Regina Sargent
    Posted December 18, 2016 at 2:14 pm

    Hi Regina
    The Product Florassist Mood by Life Extension does not contain xylitol. Here’s a link

    Dose is one capsule twice a day. These, plus a lightbox, may be helpful

    Dr E
    Posted December 18, 2016 at 1:29 pm

    Dr. E.
    THE pro biomood contains xylitol, which I get severe migraines from.
    Could you recommend another brand to get the correct probiotic you are suggesting.

    I am very medication sensitive and have tried several SSRI and recently A tricyclic, which I had a profound negative reaction to, on a very small dose.
    I had an appt. To see the Nurse practitioner at Whole Health, but had to cancel.
    I am interested in the lightbox and any other natural things I can take for anxiety and Depression.
    I was on Zoloft for almost 14 years. And can no longer take it.
    If there is anyway to see you. I would so appreciate that. Soon.
    I have RSD reflex sympathetic dystrophy fibromyalgia, slow immune response to healing. Inflammation problems.
    Anxiety and Depression
    When I call, they want to schedule me with NP, because I have BC/BS and Medicare due, to my Disability. BC/BS is primary….my husband carries through work.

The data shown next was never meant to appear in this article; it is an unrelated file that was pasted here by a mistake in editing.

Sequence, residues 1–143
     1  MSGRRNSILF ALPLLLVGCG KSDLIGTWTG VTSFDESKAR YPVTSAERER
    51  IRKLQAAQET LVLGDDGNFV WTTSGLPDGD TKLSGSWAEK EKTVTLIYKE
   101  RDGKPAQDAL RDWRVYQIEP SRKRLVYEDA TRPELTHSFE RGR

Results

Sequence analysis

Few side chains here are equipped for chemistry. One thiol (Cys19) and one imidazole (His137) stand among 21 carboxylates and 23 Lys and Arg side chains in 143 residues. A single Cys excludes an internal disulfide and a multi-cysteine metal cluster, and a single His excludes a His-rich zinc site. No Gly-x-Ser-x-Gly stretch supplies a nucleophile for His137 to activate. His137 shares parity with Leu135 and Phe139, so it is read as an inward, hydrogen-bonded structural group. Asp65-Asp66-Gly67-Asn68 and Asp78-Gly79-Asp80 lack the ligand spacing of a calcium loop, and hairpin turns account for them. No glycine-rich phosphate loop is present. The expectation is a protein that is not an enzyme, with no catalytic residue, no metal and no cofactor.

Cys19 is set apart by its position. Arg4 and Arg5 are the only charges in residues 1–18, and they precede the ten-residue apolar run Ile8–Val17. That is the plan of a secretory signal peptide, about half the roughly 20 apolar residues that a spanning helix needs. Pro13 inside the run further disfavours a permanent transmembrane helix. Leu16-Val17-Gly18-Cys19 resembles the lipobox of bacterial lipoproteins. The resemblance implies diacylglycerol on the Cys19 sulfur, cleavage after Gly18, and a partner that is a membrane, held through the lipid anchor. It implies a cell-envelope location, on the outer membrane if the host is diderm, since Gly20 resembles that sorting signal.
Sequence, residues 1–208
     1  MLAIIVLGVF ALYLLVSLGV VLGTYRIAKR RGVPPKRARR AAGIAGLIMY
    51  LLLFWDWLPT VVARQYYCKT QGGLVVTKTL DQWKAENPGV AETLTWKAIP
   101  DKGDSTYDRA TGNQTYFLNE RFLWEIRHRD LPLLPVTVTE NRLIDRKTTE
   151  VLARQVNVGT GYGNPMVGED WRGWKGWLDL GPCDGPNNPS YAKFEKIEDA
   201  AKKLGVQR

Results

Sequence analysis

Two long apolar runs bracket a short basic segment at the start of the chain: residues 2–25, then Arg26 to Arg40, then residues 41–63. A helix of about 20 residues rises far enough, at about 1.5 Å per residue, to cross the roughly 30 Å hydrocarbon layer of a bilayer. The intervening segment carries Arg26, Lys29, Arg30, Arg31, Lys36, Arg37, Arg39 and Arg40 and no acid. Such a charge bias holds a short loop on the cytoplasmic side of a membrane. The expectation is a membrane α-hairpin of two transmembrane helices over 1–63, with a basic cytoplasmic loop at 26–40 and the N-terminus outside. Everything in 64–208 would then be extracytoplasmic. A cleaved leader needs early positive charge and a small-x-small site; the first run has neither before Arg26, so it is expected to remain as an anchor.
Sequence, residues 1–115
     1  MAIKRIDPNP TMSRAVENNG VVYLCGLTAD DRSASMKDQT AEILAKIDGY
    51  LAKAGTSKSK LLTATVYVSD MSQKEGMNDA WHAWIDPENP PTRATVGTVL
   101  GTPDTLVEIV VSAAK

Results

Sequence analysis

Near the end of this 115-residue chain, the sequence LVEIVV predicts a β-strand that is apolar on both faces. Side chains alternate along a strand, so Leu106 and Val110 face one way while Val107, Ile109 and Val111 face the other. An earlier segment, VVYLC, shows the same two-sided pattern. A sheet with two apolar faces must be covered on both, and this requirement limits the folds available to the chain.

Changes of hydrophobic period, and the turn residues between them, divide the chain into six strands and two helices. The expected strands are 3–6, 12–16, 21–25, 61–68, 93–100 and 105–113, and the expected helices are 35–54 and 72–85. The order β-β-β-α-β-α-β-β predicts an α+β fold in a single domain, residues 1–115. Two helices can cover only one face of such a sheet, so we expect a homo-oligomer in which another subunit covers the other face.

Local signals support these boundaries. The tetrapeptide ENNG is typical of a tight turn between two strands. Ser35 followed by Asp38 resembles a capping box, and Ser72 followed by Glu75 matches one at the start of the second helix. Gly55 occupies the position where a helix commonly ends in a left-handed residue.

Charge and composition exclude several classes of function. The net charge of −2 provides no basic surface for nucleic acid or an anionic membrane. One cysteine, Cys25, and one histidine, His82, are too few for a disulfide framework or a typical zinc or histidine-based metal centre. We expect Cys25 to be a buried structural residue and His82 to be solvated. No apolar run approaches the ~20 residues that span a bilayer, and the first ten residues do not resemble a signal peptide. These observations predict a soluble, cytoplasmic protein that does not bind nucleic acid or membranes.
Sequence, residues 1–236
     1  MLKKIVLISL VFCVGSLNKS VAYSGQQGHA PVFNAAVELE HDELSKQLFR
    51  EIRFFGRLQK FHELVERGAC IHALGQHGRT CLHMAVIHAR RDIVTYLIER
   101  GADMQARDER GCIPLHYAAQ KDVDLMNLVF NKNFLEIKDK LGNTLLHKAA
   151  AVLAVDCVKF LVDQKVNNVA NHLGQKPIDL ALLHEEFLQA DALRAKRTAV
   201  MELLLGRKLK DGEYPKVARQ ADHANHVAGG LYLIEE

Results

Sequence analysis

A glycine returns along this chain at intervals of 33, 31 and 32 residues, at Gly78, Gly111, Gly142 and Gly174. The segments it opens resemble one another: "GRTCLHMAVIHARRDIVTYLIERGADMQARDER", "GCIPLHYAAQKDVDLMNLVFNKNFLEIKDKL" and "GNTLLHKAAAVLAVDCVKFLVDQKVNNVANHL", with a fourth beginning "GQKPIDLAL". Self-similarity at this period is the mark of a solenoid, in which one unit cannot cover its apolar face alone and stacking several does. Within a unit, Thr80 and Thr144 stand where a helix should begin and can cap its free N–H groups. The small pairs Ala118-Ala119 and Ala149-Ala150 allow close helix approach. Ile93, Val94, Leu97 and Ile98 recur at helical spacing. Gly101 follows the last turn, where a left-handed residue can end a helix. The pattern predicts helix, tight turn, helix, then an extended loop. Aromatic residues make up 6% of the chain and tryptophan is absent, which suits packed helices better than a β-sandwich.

I havent had much luck with chinese herbs or flower essences .
    Please consider writing me with any suggestions.
    Lightbox and probiotics
    I can do, if no Xylitol.
    I would like to see you.
    It has been a very rough year.
    I am scheduled for a Holistic MD closer and am.looking at neurotransmitter testing.
    Is that worth my while.
    I can consider supplements.
    I am sensitive to L Theanine found in 5HTP
    but, considering taking 1/2the dose.
    Thank you for your information time and committment
    Kindest Regards,

    Regina Sargent
    Posted December 17, 2016 at 9:33 pm

    Hi Ingrid
    You might try a very specific probiotic Lactobacillus helveticus (sold as Pro BioMood) which has been shown to help depression and anxiety

    Dr E
    Posted December 11, 2016 at 4:46 pm

    It looks like there are a range of lightbox prices, many in the $60 range on Amazon. What sets the one carried at the Apothecary apart?